Meet Dr Ricky Chan

Ricky is a senior lecturer in civil engineering and a five-time winner of the Student Choice Teaching Award. With years of experience in structural design of high-rise buildings and bridges, he is passionate about combining theories with real-world engineering and bringing them into the classroom. 

Although he has extensive experience in teaching, conducting research and working in industry in civil engineering, Dr Ricky Chan did not always know he wanted to be an engineer.

“I started my first year at university studying physics in Canada, where my parents had moved to when I was a teenager,” he says. “But after a summer visit to Hong Kong, where I grew up, I was amazed by the high-rise buildings and the new airport being constructed close to where I live. The sheer size of it was impressive.

"That’s when I decided to switch to civil engineering and more specifically structural engineering.”

He worked in industry, designing high rise buildings in Hong Kong for six years, while also completing a part-time masters degree.

“Being back at university made me realise that I wanted to pursue a career in academia,” says Ricky. “I was lucky enough to start my PhD with a visiting professor I met from Queensland.”

Immediately after finishing his research program, he was offered a job at RMIT University.

Dr Ricky Chan

“RMIT has a very good reputation,” says Dr Chan. “Our courses are practical, and our students are very highly sought after in industry because they can apply what they’ve learnt.”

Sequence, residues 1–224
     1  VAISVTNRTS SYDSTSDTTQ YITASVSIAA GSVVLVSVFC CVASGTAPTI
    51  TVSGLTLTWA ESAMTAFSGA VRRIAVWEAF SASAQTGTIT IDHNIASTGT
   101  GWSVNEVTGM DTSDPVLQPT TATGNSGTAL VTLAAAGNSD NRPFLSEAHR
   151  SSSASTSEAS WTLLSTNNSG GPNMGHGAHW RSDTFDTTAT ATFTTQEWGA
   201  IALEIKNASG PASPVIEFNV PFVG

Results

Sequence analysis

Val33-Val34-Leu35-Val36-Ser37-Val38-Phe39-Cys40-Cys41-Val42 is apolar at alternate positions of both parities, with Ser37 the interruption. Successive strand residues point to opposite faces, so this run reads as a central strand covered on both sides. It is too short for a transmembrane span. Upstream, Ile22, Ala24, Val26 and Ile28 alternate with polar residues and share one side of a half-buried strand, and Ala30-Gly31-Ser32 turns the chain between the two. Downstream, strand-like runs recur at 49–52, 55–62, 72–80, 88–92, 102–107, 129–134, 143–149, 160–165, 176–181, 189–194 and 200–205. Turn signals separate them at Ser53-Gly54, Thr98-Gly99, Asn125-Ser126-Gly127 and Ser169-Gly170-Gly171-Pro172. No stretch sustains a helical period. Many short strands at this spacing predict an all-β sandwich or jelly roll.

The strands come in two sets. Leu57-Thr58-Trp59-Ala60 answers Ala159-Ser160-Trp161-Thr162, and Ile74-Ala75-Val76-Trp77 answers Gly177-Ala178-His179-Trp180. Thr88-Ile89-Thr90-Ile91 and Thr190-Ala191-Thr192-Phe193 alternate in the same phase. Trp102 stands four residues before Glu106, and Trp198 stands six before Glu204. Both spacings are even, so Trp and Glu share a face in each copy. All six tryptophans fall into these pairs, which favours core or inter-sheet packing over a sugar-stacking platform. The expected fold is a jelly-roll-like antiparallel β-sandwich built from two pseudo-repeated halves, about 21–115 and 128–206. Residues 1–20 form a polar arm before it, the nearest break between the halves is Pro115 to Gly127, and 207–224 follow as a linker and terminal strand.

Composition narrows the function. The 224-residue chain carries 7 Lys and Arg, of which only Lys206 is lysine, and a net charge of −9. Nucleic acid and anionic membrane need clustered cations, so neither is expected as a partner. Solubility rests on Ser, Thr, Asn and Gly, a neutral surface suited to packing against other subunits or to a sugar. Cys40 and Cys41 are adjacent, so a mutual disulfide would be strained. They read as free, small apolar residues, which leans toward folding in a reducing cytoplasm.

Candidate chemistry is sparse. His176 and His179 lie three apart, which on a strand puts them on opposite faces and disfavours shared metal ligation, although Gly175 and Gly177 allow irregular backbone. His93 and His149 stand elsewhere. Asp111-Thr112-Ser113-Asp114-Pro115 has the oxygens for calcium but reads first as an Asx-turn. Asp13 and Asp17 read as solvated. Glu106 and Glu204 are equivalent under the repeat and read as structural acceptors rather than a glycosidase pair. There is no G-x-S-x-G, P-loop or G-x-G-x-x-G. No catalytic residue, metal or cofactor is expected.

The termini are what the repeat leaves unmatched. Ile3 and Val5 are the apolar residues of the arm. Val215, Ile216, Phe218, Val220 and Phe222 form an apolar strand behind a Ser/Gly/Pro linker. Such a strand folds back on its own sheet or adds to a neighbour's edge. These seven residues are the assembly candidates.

Ricky won the Student Choice Teaching Award five times in a row, which is proof that students appreciate the way he teaches. He explains complex concepts in an easy way that students can understand.

“When I was at university, there were many teachers that were brilliant researchers, but could not communicate very well,” says Ricky. “When students come to my class, I make sure it is time well spent. I try to visualise complex concepts using images, graphs or flow charts and I use real-life examples to explain the theory.”

What’s next? He is excited about using new technology such as the Internet of Things (IoT) in civil engineering.

“My research focuses on putting sensors in buildings to not only detect earthquakes or strong winds, but to also react to it,” says Ricky. “It’s like turning a building into a transformer!”

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Acknowledgement of country

RMIT University acknowledges the people of the Woi wurrung and Boon wurrung language groups of the eastern Kulin Nation on whose unceded lands we conduct the business of the University. RMIT University respectfully acknowledges their Ancestors and Elders, past and present. RMIT also acknowledges the Traditional Custodians and their Ancestors of the lands and waters across Australia where we conduct our business. - Artwork created by Louisa Bloomer

aboriginal flag
torres strait flag

Acknowledgement of country

RMIT University acknowledges the people of the Woi wurrung and Boon wurrung language groups of the eastern Kulin Nation on whose unceded lands we conduct the business of the University. RMIT University respectfully acknowledges their Ancestors and Elders, past and present. RMIT also acknowledges the Traditional Custodians and their Ancestors of the lands and waters across Australia where we conduct our business.